Spain imposes temporary rule change for Britons hoping to visit – FCDO update

Spain announce travel ban for UK flights amid coronavirus strain

Like many countries around the world, Spain shut its borders to British travellers after Prime Minister Boris Johnson announced the discovery of a new strain of COVID-19 said to be much more transmissible. As a result, there are now strict entry rules for those who hope to visit Spain.

The Foreign, Commonwealth and Development Office (FCDO) has been updating its travel advice page in line with the latest changes from the Spanish Government.

Now, there has been a slight amendment to Britons who will be able to enter into Spain during the border closure starting from January 4, 2021.

Britons who are residents of Spain are already allowed to enter the country.

The new change will make it easier for those who are in the process of becoming a Spanish resident to enter the country with documentation.

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The FCDO explains: “If you are resident in Spain, you should also carry the appropriate proof of residency documents as well as a valid passport when you travel.

“Spanish authorities have clarified that either the A4-size or credit card-sized green EU registration certificates, the ‘Certificado de Registro de Ciudadano de la Unión Europea’, or the new TIE card, the ‘Tarjeta de Identidad de Extranjero’ are valid proof of residency for UK nationals who wish to return to their homes in Spain.”

It continues: “Spanish Authorities have confirmed that, as a temporary measure, those UK nationals who can prove that they have started their residency process in Spain, but who do not yet have their TIE card, should be allowed to board flights and return to Spain if they show a valid ‘resguardo de solicitud o renovación de tarjeta de extranjero’ document.

“This temporary measure is in place from January 4, 2021, until January 10, 2021, inclusive.”

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On arrival in Spain, travellers from the UK will be required to self-isolate.

They will also be required to present a negative PCR swab test, TMA (Transcription-Mediated Amplification) swab test or a LAMP (Loop-Mediated Isothermal Amplification) test taken no more than 72 hours prior to arrival.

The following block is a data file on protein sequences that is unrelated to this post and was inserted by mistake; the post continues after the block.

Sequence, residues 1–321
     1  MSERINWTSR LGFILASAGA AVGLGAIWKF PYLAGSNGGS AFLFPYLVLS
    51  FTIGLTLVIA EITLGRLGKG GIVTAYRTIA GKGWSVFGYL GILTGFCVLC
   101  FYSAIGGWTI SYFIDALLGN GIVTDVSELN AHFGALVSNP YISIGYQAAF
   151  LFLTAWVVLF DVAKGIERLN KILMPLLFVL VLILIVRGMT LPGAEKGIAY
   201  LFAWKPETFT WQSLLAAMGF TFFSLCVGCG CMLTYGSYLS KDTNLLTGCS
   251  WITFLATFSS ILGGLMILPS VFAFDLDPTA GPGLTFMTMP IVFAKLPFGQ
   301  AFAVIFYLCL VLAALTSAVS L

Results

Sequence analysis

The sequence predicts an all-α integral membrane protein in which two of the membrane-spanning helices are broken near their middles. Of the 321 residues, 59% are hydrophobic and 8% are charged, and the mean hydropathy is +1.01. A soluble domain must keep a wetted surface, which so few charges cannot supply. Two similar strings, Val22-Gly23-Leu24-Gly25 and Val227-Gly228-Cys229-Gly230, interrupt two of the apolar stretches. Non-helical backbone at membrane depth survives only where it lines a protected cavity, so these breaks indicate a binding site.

“This requirement applies to all passengers arriving in Spain by air or sea, regardless of your residency status in Spain and the length of time you intend on staying,” states the FCDO.

“Property owners in Spain are subject to this requirement.”

Arrivals must declare their test on a mandatory “Health Control Form” issued by the Spanish Government.

This document should also include details such as passenger name, passport number, test date, name and contact details of the testing centre, testing method and test results.

Passengers should also list any known history of exposure to COVID-19.

On arrival, travellers will be subject to a temperature check and undergo a visual health assessment.

“Anyone who presents symptoms or fails to meet one of the above requirements will be required to undergo a test on arrival and will be obliged to observe the COVID-19 protocols in place as determined by the local authorities of your destination in Spain,” continues the FCDO.

“Checks will be carried out on arrival to confirm travellers have undergone a COVID-19 PCR, TMA or LAMP test and have tested negative.

“A minimum fine of €3000 (approximately £2,683) may be issued to anyone who arrives in Spanish airports and ports from ‘risk’ countries without adequate evidence of a negative PCR, TMA or LAMP test.”

The UK Government warns Britons not to use NHS services for coronavirus tests facilitating international travel.

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